Chinese food is a harmonious integration of colour, taste, shape and fine ingredients. The diversity of Chinese cuisine comes from its rich history and four major culinary regions: Northern plains which include Beijing; the fertile East watered by the Yangtse River; the South which is famous for Cantonese cooking in the Guangdong Province; and the fecund West of the Szechwan and Hunan Provinces.
Out of these, Canton is perhaps the most famous when it comes to food. Long, warm, wet days throughout the year create a perfect environment for cultivation. The coast provides ample seafood and the groves are filled with fruit.
Cooking methods and recipes are sophisticated and varied. Since local produce is so gorgeous, the cooking highlights its freshness, relying less on loud sauces and deep-frying.
Here, I am sharing a few simple and flavourful dishes from the Canton and Szechwan regions. Humble amounts of spices are used to bring out the flavour of the prime ingredient — fresh fish, tofu and meat. These can be had with fragrant Jasmine Rice or lovely Plain Bao, which is steamed Chinese bread that can be had with or without a stuffing.
(As told to Anjali.Shetty@timesgroup.com)
Cantonese Steamed Pomfret
For the Fish
Whole Pomfret (approx 200 gms)
Light Soya Sauce: 10 ml
Oyster Sauce: 5 gms
Salt: 5 gms
For the garnish
Ginger: 5 gms, shredded
Coriander leaves: 10 gms
Spring onion leaves: 5 gms, shredded
• Debone the pomfret with a sharp boning knife, with the fillet intact
• Place it on a plate and put inside a steamer for seven minutes
• In a wok, add the light soya sauce, oyster sauce, salt and little water and heat till it boils
• Do not overheat otherwise it will be bitter!
• Once the fish is steamed, take it out and place it on the plate
• Pour the sauce over the fish, sprinkle some garnish and serve
Dry yeast: 15 gms
Sugar: 15 gms
All purpose flour: 250 gms
Salt: 5 gms
Oil: 15 ml
Water: 80 ml
• Mix together yeast, sugar and water in a bowl
• In another bowl, add the rest of the ingredients and mix well
• Add the yeast-sugar-water mixture into the bowl and start kneading into a dough
• Stop kneading once the surface is smooth and elastic
• Now let the dough rest for three hours
• After three hours, once the size of the dough is triple what it was earlier, knead the dough again for five minutes
• Now cut the dough in equal sizes and make them into even-sized balls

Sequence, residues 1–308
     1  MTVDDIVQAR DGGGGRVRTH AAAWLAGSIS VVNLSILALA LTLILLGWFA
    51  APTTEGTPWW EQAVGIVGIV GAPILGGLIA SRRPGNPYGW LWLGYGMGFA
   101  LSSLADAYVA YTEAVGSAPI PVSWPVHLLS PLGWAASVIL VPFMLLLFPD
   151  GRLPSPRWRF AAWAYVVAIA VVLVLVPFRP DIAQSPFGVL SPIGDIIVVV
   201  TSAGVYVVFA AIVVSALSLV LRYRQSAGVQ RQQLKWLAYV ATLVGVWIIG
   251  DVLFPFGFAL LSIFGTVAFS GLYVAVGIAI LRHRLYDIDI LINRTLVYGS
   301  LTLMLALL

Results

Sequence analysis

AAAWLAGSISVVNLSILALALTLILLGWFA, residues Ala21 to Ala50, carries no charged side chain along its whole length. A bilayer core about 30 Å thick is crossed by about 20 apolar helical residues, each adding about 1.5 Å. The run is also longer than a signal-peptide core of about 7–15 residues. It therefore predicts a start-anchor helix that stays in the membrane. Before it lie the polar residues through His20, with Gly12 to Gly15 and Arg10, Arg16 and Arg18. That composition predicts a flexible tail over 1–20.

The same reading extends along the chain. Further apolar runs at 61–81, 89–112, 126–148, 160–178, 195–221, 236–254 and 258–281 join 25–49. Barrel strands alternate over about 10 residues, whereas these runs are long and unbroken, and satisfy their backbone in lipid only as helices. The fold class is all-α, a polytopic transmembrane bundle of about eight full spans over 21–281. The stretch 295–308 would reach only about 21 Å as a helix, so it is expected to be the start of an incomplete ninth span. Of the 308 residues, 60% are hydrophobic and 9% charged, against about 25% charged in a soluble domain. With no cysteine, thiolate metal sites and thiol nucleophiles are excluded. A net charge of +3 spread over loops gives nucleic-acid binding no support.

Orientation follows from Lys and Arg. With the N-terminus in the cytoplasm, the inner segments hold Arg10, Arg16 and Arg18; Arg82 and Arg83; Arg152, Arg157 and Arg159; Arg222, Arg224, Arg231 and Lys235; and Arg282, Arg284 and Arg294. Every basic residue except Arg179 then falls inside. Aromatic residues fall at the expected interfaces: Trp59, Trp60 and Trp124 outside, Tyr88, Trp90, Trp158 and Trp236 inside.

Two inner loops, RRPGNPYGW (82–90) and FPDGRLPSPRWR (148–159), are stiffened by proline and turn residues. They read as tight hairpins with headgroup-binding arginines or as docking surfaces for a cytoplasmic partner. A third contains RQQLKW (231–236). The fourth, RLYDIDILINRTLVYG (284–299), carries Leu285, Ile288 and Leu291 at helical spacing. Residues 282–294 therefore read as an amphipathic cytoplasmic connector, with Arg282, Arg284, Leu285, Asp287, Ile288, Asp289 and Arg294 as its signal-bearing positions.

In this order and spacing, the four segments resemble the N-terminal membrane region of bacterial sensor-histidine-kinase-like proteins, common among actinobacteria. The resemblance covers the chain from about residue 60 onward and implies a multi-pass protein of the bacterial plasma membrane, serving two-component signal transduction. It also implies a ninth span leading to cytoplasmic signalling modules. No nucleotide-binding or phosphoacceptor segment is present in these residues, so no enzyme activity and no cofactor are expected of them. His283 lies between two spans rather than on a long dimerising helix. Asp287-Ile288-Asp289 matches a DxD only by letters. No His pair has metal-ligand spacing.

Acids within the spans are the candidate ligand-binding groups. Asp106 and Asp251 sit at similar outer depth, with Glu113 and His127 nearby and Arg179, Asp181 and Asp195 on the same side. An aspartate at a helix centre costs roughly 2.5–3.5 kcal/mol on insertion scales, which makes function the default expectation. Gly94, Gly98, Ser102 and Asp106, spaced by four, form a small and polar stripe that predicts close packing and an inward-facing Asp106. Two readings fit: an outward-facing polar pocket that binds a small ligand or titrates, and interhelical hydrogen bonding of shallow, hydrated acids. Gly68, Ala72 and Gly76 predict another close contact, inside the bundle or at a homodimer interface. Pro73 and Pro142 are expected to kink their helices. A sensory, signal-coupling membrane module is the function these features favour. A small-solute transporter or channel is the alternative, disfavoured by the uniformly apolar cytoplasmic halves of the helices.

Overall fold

• Place the buns on a steamer basket (at least two cms away from each other) and steam for 15 minutes
Silken tofu: 120 gms, diced
Beef: 30 gms, minced
Garlic: 5 gms, chopped
Ginger: 5 gms, chopped
Black Bean: 15 gms
Chilly paste: 10 gms
Leeks: 5 gms, diced
Dark soya sauce: 10 ml
Cornflour: 10 gms
Vinegar: 5 ml
Chopped Spring Onions: 5 gms
Peanut oil: 10 ml
Salt: 5 gms
Sugar: 5 gms
Sichuan pepper: 5 gms, crushed
• Take oil in a wok and cook the beef mince
• Remove and in the same oil, add the black beans, leeks, chopped ginger and chopped garlic
• Cook for one minute and add the chilly paste
• After cooking for a minute, add some vegetabl stock in the wok. Add the cooked beef mince, dark soya sauce and season it with salt and sugar
• Add diced tofu and carefully (with a light hand) stir the tofu so that it does not break
• Slowly add the cornflour and water mixture to thicken the sauce and stir gently. Add the vinegar
• Garnish the dish by sprinkling chopped spring onions and crushed Sichuan peppercorns on and served with some steamed Jasmine Rice
► Chef Rahul Khosla a young, dynamic chef is currently a part of Panash — the pan-Asian restaurant at Four Points By Sheraton, Pune.
Hailing from New Delhi, he graduated from the Institute of Hotel Management – Aurangabad and started his career in 2008 as Management Trainee at the Taj.
Rahul specialised in Chinese cuisine (Sichuan and Cantonese) and worked with a few famous Chinese master chefs.
He was also a part of a Malaysian chefs team at the Commonwealth Games 2010. He is a perfectionist when it comes to food and likes it to be simple yet flavourful